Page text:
LANE: Now, Penny Wong, there is a lot of talk about tax reform at the moment to help Federal and State Governments find more money to pay for policies. You were the Finance Minister in the Gillard Government that signed deals with state governments for Gonski, for example. It signed deals for a big increase in spending here without fully explaining where the money comes from. How responsible are you for the problem that governments face now?
WONG: Well, hang on, there is a fair bit of Liberal spin in that question, if I may say. We did lay out a funding plan for NDIS and for Gonski and we said-
LANE: -But Labor never explained where the money would come from.
WONG: Well, I don’t agree with that. We did set out a 10 year funding plan in the Budget. But having said that, we recognise, unlike the Liberals did when they were in opposition, we recognise the fiscal challenge the country faces, we recognised there are problems on the revenue side in particular, we recognise the need for a responsible approach to fiscal policy and to a responsible discussion about tax reform, and as Chris Bowen has indicated we are up for that.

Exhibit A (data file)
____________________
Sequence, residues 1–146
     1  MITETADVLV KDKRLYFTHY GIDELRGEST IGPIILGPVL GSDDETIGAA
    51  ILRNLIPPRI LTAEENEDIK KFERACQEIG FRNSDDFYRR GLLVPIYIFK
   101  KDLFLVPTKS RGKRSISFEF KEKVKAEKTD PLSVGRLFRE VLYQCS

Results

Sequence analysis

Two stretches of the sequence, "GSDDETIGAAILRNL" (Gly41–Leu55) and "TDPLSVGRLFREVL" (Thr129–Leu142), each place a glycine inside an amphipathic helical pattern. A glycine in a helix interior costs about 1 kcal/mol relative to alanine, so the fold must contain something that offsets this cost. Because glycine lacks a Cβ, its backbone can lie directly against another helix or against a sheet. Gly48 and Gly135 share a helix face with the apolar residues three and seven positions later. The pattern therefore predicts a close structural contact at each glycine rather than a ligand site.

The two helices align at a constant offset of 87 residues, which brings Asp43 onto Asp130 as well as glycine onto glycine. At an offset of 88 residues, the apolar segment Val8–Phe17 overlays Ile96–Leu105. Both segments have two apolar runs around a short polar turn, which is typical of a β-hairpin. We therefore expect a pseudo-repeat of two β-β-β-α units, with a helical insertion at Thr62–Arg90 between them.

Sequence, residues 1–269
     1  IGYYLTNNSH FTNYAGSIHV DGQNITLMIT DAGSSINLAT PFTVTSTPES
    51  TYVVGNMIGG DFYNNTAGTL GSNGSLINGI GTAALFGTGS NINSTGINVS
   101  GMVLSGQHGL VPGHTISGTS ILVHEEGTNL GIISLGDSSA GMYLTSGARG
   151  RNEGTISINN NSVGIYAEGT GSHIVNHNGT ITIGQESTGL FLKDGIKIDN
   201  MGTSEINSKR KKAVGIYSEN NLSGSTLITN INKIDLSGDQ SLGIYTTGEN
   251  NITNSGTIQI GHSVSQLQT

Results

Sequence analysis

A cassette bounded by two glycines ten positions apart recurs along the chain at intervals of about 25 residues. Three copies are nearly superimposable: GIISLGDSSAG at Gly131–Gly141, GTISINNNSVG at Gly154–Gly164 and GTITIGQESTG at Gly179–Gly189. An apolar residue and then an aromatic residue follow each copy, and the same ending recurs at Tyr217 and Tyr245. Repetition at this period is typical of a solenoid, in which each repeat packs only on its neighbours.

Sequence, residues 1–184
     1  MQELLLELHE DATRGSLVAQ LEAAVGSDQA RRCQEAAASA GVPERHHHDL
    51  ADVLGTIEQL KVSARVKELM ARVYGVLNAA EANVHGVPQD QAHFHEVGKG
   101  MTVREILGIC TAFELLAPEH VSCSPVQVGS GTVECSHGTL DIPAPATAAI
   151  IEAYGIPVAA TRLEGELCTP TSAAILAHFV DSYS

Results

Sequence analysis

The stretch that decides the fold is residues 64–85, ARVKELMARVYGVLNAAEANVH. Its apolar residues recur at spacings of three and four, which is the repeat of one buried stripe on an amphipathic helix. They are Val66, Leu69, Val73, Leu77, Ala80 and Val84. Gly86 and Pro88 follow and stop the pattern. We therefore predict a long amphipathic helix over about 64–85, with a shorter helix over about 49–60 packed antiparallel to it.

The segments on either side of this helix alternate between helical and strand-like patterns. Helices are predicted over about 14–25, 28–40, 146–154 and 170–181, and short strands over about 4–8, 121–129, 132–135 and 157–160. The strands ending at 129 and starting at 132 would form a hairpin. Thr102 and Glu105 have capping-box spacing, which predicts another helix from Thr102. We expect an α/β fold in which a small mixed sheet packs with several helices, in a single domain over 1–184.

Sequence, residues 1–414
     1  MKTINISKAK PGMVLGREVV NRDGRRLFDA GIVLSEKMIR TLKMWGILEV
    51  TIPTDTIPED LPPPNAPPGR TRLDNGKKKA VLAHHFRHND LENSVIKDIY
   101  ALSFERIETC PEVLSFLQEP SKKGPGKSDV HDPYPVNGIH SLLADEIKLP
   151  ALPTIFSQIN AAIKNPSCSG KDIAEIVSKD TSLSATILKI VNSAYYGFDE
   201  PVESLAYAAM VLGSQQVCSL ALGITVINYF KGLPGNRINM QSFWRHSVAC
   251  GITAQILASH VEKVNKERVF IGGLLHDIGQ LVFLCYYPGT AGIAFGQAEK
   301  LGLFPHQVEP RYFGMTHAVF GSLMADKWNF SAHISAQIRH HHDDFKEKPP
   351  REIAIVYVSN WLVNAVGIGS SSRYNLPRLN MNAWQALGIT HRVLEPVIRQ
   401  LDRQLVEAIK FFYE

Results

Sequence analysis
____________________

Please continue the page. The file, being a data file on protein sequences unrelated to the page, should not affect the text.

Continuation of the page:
LANE: Well, is Labor going to then support the funding for years five and six of Gonski and explain where all the money is going to come from?
WONG: Well, what we are not going to do is support a higher GST or a broader-based GST which as we have seen from reports released over the last couple of days, is a regressive tax which massively hits low income earners.
Now, on Gonski, I think there is a very important economic imperative here to improve the nation’s schools. We believe it is critical to the future prosperity of the nation, to ensure not only that every child has the opportunity to be the best of who they are, but so that we can continue to compete in an increasingly competitive global economy.
Now, we will have more to say about these and other policies ahead of the election, but let’s remember the reason why the Gonski reforms were important, is they were about making sure that children across this nation could be the best of who they are and they could get the education that they deserve.
LANE: Senator Penny Wong, thanks for talking to 730.
WONG: Good to speak with you.